Hit Replay: Super Metroid
I’m not the gamer I once was. College, money and love entered into my life and video games took the hit. There was a time when I was making it my goal to play the best classic games, as well as the new. I fell away from that life but it will always be a part of me. So, this week, with a few days with nothing to do, I started up a new file on Super Metroid, a game I’ve never beaten.
I’ve played the original Metroid, Metoid: Fusion on the Gameboy Advance, and Metroid Prime on the Gamecube. I liked all of them, with Prime being my favorite. Now, I can safely say that no matter how great the Gamecube version was, nothing beats out Super Metroid.
Replaying a Super Nintendo game is always going to give me goosebumps, as it's most likely tied with the PS2 for my favorite console. As soon as the title screen came on for Super Metroid I felt a wave of nostalgia roll over me, from the 16-bit sound to the stylized graphics, it felt like coming home.
Super Metroid starts with Samus on a simple opening mission where you explore a distress signal coming from a space station. Quickly, things go awry when Ridley, that purple space dragon, takes the last surviving Metroid and escapes. After fleeing the self-destructive base, you find yourself on the planet Zebes and the real fun begins.
Zebes is a fully realized planet, with different levels of underground facilities that have fallen into decay. As you explore the planet and use your trusty map system, you begin to locate upgrades to your armor. In many ways, it feels like an action take on the Legend of Zelda formula; explore, discover, destroy. It’s much more open ended than Zelda, with a lot more backtracking, but the similarities are there. As I got excited to find the Grapple Beam or a new energy capsule, I was reminded of looking for boomerangs and heart pieces.
Every part of Zebes is different and has its own element of danger. Brinstar is full of vegetation and life but Norfair has high temperatures and pools of fire. I loved how connected everything is in the game. It’s not a level-based game like Super Mario World but a free roaming maze. You can go anywhere, as long as you have the items needed to get there, but it’s all one place. You can see why the Castlevania series would borrow this element; it works wonderfully for an action-adventure game.
The action part of the game gets intense. While regular enemies are easy enough to take down, the bosses can be terrifying. I haven’t been this impressed by boss design and aggressiveness since my time with The Legend of Zelda: Ocarina of Time. They take up the full screen and seem impossible to dodge. Their animations are full of character and their designs are beautiful. It’s hard to watch them get destroyed, but better them than Samus. Even mini-bosses impress; such as Crocomire and his painful death scene. The final battle with Mother Brain wasn’t the hardest, but my palms were sweaty and it came to a point where I was sure I was going to die.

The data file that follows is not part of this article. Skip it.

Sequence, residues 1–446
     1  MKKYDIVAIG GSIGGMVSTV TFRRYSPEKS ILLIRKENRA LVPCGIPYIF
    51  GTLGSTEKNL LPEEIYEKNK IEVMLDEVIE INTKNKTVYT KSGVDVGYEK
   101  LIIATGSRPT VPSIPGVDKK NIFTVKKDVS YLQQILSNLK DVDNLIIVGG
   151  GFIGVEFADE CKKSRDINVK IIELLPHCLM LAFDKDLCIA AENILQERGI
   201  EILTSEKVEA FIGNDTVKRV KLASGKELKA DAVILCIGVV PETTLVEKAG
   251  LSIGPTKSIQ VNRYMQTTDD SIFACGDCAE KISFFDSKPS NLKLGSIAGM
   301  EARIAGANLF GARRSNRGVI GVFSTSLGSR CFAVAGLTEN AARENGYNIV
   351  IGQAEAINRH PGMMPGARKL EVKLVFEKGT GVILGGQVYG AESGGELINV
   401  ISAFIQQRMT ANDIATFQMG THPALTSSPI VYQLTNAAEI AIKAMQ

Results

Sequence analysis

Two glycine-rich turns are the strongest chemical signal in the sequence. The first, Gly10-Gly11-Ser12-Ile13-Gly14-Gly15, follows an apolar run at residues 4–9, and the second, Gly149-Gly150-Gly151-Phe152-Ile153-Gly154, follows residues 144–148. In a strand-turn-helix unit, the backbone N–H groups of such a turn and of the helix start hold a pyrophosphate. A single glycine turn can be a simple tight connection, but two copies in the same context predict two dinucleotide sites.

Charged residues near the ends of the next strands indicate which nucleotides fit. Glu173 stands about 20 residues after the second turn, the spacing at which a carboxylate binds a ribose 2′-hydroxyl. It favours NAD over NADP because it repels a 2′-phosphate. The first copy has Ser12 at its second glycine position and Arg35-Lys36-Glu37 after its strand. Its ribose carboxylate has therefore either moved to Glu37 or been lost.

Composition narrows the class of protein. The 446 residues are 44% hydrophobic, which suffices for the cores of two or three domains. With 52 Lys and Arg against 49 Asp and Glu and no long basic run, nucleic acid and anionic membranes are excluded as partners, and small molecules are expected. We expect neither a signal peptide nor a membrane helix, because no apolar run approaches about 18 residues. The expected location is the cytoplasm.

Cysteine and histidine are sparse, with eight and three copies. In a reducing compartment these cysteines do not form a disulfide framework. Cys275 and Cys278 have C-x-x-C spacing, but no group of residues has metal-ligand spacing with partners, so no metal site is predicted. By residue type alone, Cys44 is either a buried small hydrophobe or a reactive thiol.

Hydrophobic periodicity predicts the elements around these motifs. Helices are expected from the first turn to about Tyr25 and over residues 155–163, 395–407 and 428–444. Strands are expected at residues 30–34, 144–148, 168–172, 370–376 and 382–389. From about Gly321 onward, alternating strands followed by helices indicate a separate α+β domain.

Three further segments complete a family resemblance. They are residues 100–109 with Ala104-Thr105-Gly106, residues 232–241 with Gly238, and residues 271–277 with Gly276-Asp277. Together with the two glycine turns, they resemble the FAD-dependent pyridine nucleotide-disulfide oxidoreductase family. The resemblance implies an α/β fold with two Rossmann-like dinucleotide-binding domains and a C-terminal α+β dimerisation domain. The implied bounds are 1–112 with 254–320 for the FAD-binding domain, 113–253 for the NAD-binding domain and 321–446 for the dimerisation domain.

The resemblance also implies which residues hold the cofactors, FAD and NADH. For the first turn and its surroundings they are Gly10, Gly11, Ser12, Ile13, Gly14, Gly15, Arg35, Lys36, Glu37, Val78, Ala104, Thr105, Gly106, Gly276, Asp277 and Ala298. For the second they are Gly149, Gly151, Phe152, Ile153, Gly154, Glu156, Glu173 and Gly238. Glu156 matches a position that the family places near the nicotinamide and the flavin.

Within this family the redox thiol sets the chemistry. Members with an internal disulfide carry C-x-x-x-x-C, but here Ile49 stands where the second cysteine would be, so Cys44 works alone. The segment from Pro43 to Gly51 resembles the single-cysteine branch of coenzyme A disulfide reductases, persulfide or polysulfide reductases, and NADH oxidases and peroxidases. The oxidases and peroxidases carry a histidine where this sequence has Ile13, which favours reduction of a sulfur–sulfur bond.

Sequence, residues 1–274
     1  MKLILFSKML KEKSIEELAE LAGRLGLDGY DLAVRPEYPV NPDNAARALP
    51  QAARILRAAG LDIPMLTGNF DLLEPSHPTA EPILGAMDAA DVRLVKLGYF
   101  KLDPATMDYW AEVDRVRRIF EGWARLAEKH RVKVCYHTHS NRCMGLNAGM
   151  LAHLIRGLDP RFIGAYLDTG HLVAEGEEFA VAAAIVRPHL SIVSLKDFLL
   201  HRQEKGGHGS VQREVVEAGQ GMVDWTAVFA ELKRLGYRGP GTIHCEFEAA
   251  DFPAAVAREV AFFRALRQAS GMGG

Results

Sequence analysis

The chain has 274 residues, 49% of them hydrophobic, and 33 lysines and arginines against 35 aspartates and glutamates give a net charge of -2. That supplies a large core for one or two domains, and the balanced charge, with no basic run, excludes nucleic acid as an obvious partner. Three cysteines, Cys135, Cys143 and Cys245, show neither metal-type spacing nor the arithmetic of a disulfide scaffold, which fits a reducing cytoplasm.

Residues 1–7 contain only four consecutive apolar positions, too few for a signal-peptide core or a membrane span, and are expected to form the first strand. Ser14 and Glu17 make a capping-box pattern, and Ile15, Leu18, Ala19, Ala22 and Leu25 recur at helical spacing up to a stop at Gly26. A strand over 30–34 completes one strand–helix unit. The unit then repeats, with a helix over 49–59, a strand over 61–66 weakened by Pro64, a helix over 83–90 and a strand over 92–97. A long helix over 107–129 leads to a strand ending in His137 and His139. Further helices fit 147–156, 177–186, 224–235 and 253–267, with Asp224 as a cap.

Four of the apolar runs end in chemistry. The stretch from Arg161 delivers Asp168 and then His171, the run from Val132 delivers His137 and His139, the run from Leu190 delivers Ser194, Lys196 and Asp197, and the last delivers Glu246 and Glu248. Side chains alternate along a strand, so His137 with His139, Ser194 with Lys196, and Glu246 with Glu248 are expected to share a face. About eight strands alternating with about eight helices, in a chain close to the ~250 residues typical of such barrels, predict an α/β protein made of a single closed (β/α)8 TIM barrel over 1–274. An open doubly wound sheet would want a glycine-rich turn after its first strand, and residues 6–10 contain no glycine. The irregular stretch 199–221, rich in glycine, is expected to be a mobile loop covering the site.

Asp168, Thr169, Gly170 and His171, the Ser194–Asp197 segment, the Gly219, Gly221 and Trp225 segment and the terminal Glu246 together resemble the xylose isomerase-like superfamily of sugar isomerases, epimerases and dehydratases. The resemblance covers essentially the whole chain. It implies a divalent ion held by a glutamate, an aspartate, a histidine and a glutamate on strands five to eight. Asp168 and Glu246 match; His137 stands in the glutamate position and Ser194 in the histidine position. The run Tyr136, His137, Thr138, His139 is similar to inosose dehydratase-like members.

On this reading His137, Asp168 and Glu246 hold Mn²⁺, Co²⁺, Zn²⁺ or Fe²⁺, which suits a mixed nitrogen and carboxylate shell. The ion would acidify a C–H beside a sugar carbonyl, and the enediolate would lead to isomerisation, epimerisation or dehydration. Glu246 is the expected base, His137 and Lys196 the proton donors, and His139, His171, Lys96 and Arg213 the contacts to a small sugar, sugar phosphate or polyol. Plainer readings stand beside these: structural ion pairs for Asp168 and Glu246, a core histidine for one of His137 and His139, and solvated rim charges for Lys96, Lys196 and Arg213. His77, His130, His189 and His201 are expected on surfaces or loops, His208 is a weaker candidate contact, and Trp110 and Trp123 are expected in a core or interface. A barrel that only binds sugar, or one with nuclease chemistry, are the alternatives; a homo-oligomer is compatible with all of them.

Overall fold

The graphics, for a game that’s almost twenty years old, still hold up. It’s one of the things I love most about the Super Nintendo; its games age incredibly well. Because they’re sprite based and the designers put all their love in making each square worth its space, a pretty game from 1994 is still pretty today. There are moody areas where you can see grime coming from the wall and the animations hold up. Considering how limited they were, it’s amazing how much story Nintendo was able to tell with this game, all due to the simple graphic cues.
One the best things about Super Metroid, and one of the reasons I decided to play it after all this time, is the music. I’ve been listening to remixes of the soundtrack for years now, but the original tunes still do their job. Brinstar’s theme is great and had me humming it all day. Every track fits the area and gives you a sense of the dangers you might face; slow moving but creepy fish or powerful monsters made of stone. It has one of the most atmospheric score’s since Donkey Kong Country.
It’s great to go back and finally play a game that everyone holds up to high standard, it’s even better when the game is as good as everyone says. The Metroid series has a wonderfully high quality with all its games, but Super Metroid wins for shear perfection. It’s hard to say what would make the game better. It’s now up there with The Legend of Zelda: A Link to the Past and Final Fantasy VI as one of my favorite Super Nintendo games. Considering how easy it’s to find, now that it's available for the Wii via Virtual Console, anyone who hasn’t played the game should go do it today.